Having a large family can be challenging. Because of the many comings and goings, some things just have to give. My last five children were born in eight years, so these children are very close in age. In my younger years, with one or two children, I would take them swimming, almost every day. But with 5, 6, 7, and finally 8 children, going to the pool actually became a dangerous activity. I had to be on guard constantly; I was always counting heads, and it was very stressful for me–so the trips to the pool became much less frequent. Though swim lessons help, we all know that children learn to swim best–simply by being in the water…..a lot. Needless to say, my two youngest were not very confident in the water.
My brother and his family live about 4 hours away from us, and we had decided to go visit him. We loaded up all the kids (and that is an ordeal in and of itself), packed up our 12 passenger van with duffel bags, backpacks, 14 pillows, 9 blankets, snacks to last 3 weeks, 10 water bottles pre-labeled with everyone’s names in black marker, and a tv/vcr combo sitting on top of two milk crates (stabilized with bungee cords)–plugged into the cigarette lighter! I always envied those SUV’s with the built-in tvs!!! Anyway! We arrived at my brother’s home, and the FIRST thing the kids ask is, “Can we go swimming???”
We unloaded the car, found swimsuits, and headed out to the pool. My husband and brother had gone out to the garage to talk motorcycles. My nieces and some neighbors were already swimming, so I sat down on a lawn chair at the edge of the pool. It was a beautiful day. Kids were jumping off the rocks into the pool, running back and forth from the pool to the hot tub, diving after toys, splashing and having fun. My main focus was my baby, who was 2 at the time. Ammon had just turned 5. I was trying to keep an eye on all the kids while catching up with my nieces when my attention was drawn to the deep end of the pool. The scene made my heart stop! There was my Ammon, face up, under water, not moving.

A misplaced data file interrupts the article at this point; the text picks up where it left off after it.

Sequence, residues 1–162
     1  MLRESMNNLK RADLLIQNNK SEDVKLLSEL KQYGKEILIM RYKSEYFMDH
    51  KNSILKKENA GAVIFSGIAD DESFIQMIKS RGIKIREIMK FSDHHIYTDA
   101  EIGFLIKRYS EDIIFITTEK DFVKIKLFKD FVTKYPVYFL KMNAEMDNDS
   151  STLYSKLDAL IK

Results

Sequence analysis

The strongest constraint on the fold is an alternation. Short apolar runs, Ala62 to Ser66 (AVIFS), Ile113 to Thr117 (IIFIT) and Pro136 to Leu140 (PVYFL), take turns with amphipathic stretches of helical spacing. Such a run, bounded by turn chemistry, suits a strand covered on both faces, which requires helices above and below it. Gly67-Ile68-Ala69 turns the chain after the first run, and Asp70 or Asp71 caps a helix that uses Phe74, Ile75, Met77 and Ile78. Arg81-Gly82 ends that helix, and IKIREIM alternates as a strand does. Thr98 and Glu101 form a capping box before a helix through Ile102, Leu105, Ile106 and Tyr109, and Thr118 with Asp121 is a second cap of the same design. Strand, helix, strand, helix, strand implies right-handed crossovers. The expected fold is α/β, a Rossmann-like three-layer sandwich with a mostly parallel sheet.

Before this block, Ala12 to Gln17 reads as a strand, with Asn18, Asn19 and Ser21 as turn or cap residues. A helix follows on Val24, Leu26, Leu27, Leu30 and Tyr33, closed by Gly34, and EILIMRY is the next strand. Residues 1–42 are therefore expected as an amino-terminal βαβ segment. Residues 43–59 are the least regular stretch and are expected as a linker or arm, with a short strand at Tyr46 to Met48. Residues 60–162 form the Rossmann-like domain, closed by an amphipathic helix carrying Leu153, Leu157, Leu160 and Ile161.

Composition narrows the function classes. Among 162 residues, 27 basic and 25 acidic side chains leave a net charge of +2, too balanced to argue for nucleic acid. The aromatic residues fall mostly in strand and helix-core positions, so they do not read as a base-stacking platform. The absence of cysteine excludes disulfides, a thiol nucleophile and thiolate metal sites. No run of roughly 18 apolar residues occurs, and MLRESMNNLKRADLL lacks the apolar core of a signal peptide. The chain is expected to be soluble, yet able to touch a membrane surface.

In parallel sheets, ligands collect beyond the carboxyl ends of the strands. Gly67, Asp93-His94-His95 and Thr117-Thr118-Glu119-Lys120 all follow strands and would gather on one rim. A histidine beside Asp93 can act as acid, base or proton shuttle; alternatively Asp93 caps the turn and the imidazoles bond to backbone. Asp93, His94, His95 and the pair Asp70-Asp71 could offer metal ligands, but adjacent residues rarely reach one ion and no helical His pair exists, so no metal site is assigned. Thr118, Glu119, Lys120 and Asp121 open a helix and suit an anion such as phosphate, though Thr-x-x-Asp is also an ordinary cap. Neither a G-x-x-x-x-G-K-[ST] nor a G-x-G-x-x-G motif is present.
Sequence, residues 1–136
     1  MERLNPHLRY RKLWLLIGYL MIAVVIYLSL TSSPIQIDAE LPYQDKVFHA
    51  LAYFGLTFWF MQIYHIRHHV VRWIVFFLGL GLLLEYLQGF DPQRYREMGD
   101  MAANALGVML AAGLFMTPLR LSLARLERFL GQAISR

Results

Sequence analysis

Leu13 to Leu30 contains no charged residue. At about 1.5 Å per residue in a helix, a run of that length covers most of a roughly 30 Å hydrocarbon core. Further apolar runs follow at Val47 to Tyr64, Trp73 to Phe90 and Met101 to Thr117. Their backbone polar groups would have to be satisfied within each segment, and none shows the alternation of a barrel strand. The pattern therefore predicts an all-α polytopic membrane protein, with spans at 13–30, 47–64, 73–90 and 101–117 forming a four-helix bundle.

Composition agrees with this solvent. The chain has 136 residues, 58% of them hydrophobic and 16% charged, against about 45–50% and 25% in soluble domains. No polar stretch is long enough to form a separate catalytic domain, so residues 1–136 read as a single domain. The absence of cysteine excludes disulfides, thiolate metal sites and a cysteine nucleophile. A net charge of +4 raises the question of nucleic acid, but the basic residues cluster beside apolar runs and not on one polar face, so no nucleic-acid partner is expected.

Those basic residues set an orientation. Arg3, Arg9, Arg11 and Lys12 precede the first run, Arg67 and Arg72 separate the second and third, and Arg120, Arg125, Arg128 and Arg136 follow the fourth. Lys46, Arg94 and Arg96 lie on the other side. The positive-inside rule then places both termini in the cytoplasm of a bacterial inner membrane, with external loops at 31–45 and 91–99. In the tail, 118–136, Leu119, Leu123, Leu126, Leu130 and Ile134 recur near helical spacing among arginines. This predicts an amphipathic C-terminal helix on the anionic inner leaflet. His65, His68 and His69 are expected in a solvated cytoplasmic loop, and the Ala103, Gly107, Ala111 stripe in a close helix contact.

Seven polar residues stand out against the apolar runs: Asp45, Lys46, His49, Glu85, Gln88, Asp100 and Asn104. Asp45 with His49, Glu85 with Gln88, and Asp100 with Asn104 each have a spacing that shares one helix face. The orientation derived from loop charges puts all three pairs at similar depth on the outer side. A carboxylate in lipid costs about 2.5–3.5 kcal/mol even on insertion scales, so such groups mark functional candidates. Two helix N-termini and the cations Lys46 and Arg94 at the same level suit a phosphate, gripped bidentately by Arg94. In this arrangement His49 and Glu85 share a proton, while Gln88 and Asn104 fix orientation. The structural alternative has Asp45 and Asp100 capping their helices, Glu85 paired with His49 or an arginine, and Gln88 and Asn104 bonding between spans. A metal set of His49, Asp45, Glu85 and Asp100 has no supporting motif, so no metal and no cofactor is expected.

I quickly handed my baby to my older daughter, and jumped in. I yelled to someone to call 911. I dragged this lifeless boy to the edge of the pool, and handed him to my nieces, who pulled him out, and laid him down. I must have been in shock because I jumped out of the water, knelt over this boy, and froze. All my CPR training was out the window. My 15 year-old daughter said nothing, but intuitively started chest compressions. Seeing her acting as the adult snapped me back to myself–my duty–my stewardship; so I moved her hands, and took over the chest compressions. The tears began to flow, and I gathered enough strength to cry out my son’s name. I called to him, but no answer. I held his precious face, as tears fell upon it, and begged him to come back. More chest compressions. And finally after what seemed like forever, he took a breath on his own. His eyes slowly opened, and I scooped him up. I took him to a chair, wrapped him in a big towel, and never wanted to let him go.
Just then, the paramedics arrived. After checking Ammon, we were told that we were lucky. They often arrive on scenes, where a child has fallen into a pool, and has brain damage or is dead. I don’t like the word lucky. I feel very strongly that Ammon was protected that day. I believe there were angels present, and that God had more for Ammon to do. I believe that there were lessons that day for me, and all who were present. I believe in miracles….I see them every day. I have chosen to come away from this experience–changed. I don’t think that I could appreciate Ammon the way that I do if I hadn’t come so close to losing him. You see, you NEVER know…..do you….how long we have with our loved ones.